If a user named Tobin writes a spirit guide, for example, and it turns out to be a definitive book on the topic, copies will become easier to find as merchants, knowing they will sell, begin to copy it and sell them. Upon seeing its success, the storytellers may go through the book and add tagging capabilities so that those that read it will gain tags associated with the information, making even a player-made book a useful resource. In fact, through the use of the journaling skill, players can copy pictures, charts or sketch certain objects (e.g. plants, animals, relics, etc.) into their manuscript and those manuscripts will inherit the information tags. Returning to our example, even a 5th edition copy of Tobin’s Spirit Guide will tag players as knowing about the spirits found within, but of course if any magic was added to the original, only the first edition will have that power.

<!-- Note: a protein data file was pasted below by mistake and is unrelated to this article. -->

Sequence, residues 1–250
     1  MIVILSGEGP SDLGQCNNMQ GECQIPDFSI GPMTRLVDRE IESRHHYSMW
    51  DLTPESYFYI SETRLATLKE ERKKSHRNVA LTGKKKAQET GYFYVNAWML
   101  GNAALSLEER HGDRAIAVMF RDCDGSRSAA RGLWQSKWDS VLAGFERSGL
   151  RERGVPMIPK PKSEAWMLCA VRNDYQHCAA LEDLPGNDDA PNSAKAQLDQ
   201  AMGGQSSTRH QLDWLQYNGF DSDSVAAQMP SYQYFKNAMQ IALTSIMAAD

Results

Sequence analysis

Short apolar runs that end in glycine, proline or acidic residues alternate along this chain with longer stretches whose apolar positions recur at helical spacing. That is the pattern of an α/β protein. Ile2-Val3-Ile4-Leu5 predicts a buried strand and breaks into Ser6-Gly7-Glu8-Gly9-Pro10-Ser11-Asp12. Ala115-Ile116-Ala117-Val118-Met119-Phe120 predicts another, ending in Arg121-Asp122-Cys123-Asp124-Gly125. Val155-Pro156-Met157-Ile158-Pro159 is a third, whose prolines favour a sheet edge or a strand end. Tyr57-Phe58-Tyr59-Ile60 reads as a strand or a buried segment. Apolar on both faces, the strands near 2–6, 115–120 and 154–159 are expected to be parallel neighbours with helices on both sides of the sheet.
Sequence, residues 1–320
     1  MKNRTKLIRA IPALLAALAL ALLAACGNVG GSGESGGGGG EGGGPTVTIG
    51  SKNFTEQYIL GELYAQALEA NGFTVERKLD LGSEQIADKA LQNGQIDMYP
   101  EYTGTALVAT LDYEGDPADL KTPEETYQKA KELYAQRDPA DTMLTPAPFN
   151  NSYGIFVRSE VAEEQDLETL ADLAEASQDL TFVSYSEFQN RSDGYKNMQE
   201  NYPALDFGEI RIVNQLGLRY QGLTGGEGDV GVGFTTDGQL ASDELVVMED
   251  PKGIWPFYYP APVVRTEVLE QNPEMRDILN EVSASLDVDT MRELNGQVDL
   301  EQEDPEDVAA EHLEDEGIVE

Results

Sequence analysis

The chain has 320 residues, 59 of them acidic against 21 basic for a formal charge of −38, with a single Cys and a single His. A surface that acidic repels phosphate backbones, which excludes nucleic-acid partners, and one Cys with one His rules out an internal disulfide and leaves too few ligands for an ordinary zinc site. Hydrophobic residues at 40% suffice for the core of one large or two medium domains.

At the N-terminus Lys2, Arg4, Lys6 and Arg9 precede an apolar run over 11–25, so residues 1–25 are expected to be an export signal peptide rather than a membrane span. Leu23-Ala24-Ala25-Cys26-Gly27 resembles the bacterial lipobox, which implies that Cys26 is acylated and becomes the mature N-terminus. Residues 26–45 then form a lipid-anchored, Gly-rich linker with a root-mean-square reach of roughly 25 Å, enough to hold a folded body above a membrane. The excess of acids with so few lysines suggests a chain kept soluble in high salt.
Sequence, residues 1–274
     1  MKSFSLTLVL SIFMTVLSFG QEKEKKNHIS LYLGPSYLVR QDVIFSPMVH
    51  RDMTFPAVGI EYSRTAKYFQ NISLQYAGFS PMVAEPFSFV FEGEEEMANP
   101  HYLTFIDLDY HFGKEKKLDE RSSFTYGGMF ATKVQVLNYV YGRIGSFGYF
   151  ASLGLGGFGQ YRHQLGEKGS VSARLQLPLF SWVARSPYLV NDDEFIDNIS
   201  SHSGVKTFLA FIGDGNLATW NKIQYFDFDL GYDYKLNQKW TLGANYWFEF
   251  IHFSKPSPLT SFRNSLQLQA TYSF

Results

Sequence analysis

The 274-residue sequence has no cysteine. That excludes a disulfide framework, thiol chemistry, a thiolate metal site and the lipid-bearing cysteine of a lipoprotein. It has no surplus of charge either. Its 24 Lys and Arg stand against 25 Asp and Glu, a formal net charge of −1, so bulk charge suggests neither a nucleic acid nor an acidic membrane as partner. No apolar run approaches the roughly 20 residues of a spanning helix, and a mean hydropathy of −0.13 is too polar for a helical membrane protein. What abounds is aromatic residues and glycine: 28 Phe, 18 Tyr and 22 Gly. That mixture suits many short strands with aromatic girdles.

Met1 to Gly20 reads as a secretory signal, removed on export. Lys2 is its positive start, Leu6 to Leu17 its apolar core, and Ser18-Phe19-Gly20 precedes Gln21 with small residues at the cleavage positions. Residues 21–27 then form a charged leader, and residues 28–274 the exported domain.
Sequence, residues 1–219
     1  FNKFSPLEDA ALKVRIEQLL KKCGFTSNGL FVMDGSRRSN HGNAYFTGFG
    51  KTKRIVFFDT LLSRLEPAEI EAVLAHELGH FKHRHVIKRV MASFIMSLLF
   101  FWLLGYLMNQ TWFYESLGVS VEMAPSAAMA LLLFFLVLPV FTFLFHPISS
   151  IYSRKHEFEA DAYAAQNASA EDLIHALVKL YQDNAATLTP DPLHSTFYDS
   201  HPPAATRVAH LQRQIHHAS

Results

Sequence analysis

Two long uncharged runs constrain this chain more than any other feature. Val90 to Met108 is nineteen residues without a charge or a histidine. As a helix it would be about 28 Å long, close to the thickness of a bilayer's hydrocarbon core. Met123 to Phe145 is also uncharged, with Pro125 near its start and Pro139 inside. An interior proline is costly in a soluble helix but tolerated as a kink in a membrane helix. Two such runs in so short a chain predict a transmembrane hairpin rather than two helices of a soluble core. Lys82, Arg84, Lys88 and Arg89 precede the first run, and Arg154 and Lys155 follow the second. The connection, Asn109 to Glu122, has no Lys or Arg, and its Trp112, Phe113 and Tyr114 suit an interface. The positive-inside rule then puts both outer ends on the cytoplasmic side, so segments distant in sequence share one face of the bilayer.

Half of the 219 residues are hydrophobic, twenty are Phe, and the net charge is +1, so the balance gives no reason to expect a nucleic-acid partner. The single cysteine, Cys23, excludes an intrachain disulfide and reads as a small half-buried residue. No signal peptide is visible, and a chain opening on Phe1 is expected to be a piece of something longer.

And that, in a rather drawn out nutshell, is why I love books. Opening a book in Revival is opening a door to a new adventure or mystery just waiting to be solved. In a subtle way they broaden the lives of your characters for reading them, revealing more and more of the fantastic behind the mundane, the madness hidden in the rational.

The People Speak

It’s been a lively week on the forums, to say the least! First, I should say welcome to all the new faces. It’s great to see so many folks showing up and taking part in the conversation! If you haven’t yet, come join the conversations in the forums! Members of the teams can be found talking out details of the game almost every day and we’d love to have you take part.

Of particular note this week have been threads on housing, discussions on death and one of my favorites, a thread on roleplay and... fish. (True story, see for yourself! http://www.revivalgame.com/forum#/discussion/53/thoughts-on-roleplaying )

I’m actually not a fan of fish, I hope that’s not a problem!

The Seer’s Rede